Iraq is a land of orphans and widows.  The war continues and will hit the 19th anniversary mark next March.  The media age in Iraq is 21-years-old.    By way of contrast, in the US, the median age is 38.1-years-old.  Why the stark difference?  Because the war killed over a million people.  Because it turned the country into a land of orphans and widows.

    And yet Anchal's writing about the Iraq election from the stand point of . . . the US?

    Never accuse most journalists of having a sense of purpose -- the vast majority don't even provide context today.  

    FOREIGN POLICY pretends it informs readers -- but informing readers requires telling them what's happening, not shaping articles to suit policy -- that's called propaganda at worst and press releases at best.  Thanks, Anchal, for making it clear that there is no informing from FP, just indoctrination.  

    Let's move over to Brooking to quote from a new piece by Ranj Alaaldin:

    Muqtada al-Sadr’s victory is an example of strategic acumen within a movement that continues its transition from insurgency to government, propelled by a yearning for respite and leadership, and by rampant destitution within Iraqi society. Almost 32% of Iraq’s population could soon be impoverished. But it is precisely this despair that has resulted in the emergence of a protest movement that considers Sadr and his militia to be part of the problem, and complicit in the bloodshed that has engulfed the country, including violence against protesters. In its electoral debut, the bloc representing the protesters, Imtidad, secured 10 seats out of 329, a remarkable feat for a movement that is subjected to systemic assassinations and contested the elections amid unprecedented voter apathy.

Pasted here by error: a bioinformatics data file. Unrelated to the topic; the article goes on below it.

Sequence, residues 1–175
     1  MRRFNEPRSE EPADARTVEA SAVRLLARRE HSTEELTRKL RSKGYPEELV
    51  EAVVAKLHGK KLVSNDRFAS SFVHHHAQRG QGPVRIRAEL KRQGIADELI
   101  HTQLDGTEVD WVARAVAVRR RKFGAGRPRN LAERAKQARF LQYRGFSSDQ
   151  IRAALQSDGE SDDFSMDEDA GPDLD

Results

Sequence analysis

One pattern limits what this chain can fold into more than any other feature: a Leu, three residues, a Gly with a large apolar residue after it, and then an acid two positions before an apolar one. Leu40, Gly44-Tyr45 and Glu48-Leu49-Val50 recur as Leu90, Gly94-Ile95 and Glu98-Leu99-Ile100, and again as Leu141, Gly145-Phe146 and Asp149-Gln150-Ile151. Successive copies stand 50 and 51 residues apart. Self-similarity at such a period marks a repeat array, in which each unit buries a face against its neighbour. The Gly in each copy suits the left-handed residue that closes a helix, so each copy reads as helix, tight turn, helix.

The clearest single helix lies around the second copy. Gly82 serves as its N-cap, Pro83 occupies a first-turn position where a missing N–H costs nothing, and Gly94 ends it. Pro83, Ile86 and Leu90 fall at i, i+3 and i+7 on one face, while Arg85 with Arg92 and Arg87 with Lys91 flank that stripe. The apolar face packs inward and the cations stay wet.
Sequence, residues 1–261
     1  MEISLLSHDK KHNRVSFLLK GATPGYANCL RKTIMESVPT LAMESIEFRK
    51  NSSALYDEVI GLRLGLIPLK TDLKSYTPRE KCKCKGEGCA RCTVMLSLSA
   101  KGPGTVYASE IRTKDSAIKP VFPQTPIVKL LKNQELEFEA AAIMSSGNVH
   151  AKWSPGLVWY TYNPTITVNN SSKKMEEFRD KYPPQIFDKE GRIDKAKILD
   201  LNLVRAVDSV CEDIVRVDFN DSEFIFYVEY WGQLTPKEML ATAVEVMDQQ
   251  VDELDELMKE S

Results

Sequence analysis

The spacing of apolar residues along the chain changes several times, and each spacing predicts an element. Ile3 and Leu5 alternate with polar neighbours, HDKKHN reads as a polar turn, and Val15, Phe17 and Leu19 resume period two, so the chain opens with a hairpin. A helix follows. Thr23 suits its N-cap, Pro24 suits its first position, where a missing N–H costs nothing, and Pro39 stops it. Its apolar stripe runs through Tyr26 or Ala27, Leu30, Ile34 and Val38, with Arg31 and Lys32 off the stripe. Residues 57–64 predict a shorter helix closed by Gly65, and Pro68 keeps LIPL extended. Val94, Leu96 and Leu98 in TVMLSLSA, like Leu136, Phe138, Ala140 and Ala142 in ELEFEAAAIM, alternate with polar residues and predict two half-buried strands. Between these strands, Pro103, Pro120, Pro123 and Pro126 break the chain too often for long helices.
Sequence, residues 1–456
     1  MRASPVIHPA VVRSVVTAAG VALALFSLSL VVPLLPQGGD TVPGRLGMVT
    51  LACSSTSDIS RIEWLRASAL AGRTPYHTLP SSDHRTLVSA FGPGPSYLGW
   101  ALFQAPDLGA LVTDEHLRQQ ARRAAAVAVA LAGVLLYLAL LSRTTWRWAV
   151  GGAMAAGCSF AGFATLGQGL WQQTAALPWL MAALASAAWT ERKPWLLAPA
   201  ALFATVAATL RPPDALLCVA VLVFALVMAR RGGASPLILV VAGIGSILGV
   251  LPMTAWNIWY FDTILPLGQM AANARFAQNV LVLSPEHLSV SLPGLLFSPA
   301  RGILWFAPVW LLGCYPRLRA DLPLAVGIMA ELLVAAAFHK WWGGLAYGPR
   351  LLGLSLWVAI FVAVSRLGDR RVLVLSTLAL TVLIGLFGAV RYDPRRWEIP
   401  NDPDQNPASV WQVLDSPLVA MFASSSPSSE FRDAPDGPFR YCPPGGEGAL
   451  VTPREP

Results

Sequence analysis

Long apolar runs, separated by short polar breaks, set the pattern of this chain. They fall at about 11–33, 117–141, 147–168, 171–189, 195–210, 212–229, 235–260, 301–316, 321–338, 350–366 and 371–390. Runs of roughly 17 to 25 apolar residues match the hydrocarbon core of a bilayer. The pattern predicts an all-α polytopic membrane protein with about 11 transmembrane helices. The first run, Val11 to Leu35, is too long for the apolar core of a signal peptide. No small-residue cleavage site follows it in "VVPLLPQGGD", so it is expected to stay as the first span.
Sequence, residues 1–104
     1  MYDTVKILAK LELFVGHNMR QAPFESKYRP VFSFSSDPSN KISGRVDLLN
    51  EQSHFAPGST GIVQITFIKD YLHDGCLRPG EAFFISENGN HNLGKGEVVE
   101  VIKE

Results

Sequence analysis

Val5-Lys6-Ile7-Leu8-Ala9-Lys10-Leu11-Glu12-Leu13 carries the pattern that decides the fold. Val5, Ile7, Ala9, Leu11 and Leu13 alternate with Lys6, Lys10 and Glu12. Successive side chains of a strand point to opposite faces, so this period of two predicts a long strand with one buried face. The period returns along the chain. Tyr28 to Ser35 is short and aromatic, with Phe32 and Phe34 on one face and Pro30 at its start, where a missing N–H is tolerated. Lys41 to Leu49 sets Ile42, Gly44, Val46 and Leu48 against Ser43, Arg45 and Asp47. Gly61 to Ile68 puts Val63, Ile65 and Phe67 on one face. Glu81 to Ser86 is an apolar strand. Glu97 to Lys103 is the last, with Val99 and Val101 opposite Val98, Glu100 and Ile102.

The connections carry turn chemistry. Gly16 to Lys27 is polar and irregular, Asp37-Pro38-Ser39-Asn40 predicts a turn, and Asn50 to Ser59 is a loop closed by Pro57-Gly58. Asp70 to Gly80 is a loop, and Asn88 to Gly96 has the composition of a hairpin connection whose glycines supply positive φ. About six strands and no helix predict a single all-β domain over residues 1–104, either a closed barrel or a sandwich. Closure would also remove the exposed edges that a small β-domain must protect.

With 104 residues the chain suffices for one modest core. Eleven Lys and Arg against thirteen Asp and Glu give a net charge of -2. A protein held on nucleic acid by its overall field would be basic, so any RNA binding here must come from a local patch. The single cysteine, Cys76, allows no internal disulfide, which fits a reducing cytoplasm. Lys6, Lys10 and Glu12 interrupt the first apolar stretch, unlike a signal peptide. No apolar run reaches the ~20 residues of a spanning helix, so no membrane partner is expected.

In that one paragraph, Rani presents more reality than Anchal does in her entire essay.

    The clear choice in Iraq was Moqtada, Anchal lies.  No, dear, with at least 52% of voters sitting out the election, the clear choice was something other than what is being offered.